For real change of the judicial review process, the courts need greater funding to speed up the determination process
The government’s decision to press ahead with reform of the judicial review system, in a bid to speed up consideration of planning and other matters in order to realise economic benefits sooner rather than later, is welcome. However, the changes are unlikely to achieve much unless the courts use the powers they already have to better effect.
While the UK planning system is protracted at times and many believe it would benefit from greater expediency, an effective screening process to root out ‘weak and ill-conceived’ applications for judicial review is already in place. Now the government is proposing to shorten the length of time allowed for such applications to be made and to limit the rights of those making such applications to appeal against court decisions that go against them.
The time allowed for initial judicial review applications to be made is not really a concern, it is the time taken to consider them once they are in the system that is proving a burden
The courts are already obliged to screen judicial review applications and have the power to block requests that are without merit. Part of the problem comes when blocked requests are subsequently renewed by way of an oral hearing and proceedings can be reinstated at that point if the court gives the necessary permission.
The time allowed for initial judicial review applications to be made is not really a concern, it is the time taken to consider them once they are in the system that is proving a burden and slowing down decision-making.
Under the current judicial review system, applications must be made within three months of an initial decision being made. However, such requests can be blocked if the judge believes that the application has not been made quickly enough, even if it is made before the initial three month window has closed. The courts can also choose to extend the three month period if they wish.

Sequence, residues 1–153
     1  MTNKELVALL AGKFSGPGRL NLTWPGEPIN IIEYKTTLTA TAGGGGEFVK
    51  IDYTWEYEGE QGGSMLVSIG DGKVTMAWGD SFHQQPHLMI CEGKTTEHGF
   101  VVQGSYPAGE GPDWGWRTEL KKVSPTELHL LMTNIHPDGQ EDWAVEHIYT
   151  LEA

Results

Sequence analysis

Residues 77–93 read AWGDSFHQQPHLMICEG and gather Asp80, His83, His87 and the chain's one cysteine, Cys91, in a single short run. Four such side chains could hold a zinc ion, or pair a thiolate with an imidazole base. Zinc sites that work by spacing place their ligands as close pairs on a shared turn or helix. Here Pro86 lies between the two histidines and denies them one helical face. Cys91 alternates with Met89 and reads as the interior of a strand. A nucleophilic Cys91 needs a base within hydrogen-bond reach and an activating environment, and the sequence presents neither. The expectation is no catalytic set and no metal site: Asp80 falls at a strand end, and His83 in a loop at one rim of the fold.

The courts can already refuse applications that are made too late or in their opinion, have not been brought quickly enough. Reducing the window for applications to just six weeks would certainly encourage faster applications but their treatment would be much the same once proceedings are underway.
Real change is only likely to be achieved through greater funding of the court system in order to speed up the determination process
Reducing the time allowed for judicial review applications from three months to six weeks would however bring the system into line with that used to bring challenges against planning inspectors’ decisions to grant planning permission on appeal. In that sense, the systems would be more consistent.
The proposed changes to the judicial review process could also help to speed up the delivery of some local infrastructure and development projects, bringing economic benefits and encouraging inward investment.
While the right for commercial interests and members of the public to mount a judicial review must be protected, there are instances where local rivalries are allowed to slow down the planning process unnecessarily and sometimes at considerable cost to the tax payer. Such instances should be blocked as quickly as possible.
Speeding up the judicial review process is likely to be beneficial to some but real change is only likely to be achieved through greater funding of the court system in order to speed up the determination process.
Paul Hunt is a partner and planning law expert at Harvey Ingram Shakespeares